tSubitem.Header <- s.Substring(s.LastIndexOf("\\") + 1)
    tSubitem.Tag <- s
    tSubitem.FontWeight <- FontWeights.ExtraBold
    let _ = tSubitem.Items.Add ( dummyNode )
    item.Items.Add ( tSubitem )|>ignore
    if startInDir.Contains(tSubitem.Tag.ToString()) then 
     if startInDir <> tSubitem.Tag.ToString() then
      tSubitem.IsExpanded <- true
     if startInDir = tSubitem.Tag.ToString() then
      focusItem <- tSubitem
   |e -> eprintf "\n\n ERROR: %O\n" e

The line below is a 'lambda' or unnamed function to handle the 'FrameWorkElement.Loaded' event which is fired when the element (mainWindow) is laid out, rendered, and ready for interaction. The 'fun(ction)' will first attempt to read 'Isolated Storage' for this assembly, based on the assemblies strong name, to get the user defined 'Starting Directory'. If this fails, an error message is printed to standard error and the programmed value is used. You can change this by editting the 'let' statement that defines 'startInDir'. The 'IsolatedStorageFile', 'ifl' is defined at the same program location because both stream reader and stream writer must both use the same 'object'.

As the comment says, if you (the program) got there, you have read the starting directory and the cursor should be positioned on it.

mainWindow.Loaded.Add(fun _ ->
    let mutable isf:IsolatedStorageFileStream = 
	new IsolatedStorageFileStream("startInDir.ips", FileMode.Open, ifl)
    let mutable sr:StreamReader = new StreamReader(isf)
    startInDir <- sr.ReadToEnd()
    sr.Close() // if you got here then you have read
    // the starting directory you saved previously
    |e -> eprintf "\n\n ERROR: %O\n" e

The next line gets the collection of 'drives' on the system. This is followed by an error handler, (try..with), for the 'for ? in ??' loop it encapulates. The loop defines the 'node', 'let item = ...' and populates it with the drive information. In this loop a routed event call is added to the item's events collection. A 'dummyNode' is added so the 'node' can be 'Expanded'. This combination eliminates the need to recursively populate the tree.

Note that if the Starting Directory 'Contains' the items's 'Tag' the item is 'expanded'. Next the item is brought into view and selected. With that We are 'done' with the loop but not the function.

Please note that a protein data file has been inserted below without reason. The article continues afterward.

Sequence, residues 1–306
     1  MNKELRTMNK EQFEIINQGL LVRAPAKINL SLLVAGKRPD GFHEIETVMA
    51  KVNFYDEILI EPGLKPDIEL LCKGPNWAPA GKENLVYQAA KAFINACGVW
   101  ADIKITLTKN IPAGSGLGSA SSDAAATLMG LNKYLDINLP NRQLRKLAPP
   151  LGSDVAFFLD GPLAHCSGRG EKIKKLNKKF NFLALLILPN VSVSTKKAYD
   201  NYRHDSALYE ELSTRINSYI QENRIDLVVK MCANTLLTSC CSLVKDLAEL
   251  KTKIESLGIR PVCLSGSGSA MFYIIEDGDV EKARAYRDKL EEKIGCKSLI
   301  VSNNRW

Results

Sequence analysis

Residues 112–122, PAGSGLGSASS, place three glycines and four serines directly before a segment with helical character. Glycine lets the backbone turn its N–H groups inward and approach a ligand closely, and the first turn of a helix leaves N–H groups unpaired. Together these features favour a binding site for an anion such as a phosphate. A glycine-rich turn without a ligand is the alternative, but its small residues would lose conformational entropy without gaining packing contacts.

let drives = Directory.GetLogicalDrives()
    for d in drives do
      let item = new TreeViewItem()
      item.Header <- d 
      item.Tag <- d
      item.FontWeight <- FontWeights.Normal
      let _ = item.Items.Add(dummyNode)
      let _ = treeTrunk.Items.Add(item)
      if startInDir.Contains(item.Tag.ToString()) then 
         item.IsExpanded <- true
      item.IsSelected <- true
    |e -> eprintf "\n\n ERROR: %O\n" e

This last block of the 'Loaded' function adds the eventhandlers for the user interactions. Note the MouseRightButton events. The

could be written with or without the preview prefix but it is recommended that the prefix be used. The other button however,
event can not use the preview prefix in combination with PreviewMouseRightButtonDown event. If you want to use only the context menu then comment the 'menuReq' line. These are the 2 lines you would comment if you pasted these code segments, without the menu definitions, into F# INTERACTIVE (don't forget the ';;').

Finally We finish the 'Loaded' function by bringing the focusItem into view and selecing it. The Right Parenthesis marks the end of the function.

Now the only thing left to do is put the Grid into the Window, show the Window, and it's Title and give Keyboard Focus to 'focusItem'.

  treeTrunk.IsEnabled <- true
  focusItem.IsExpanded <- true
  focusItem.IsSelected <- true
mainWindow.Content <- myGrid // Put the Grid in the Window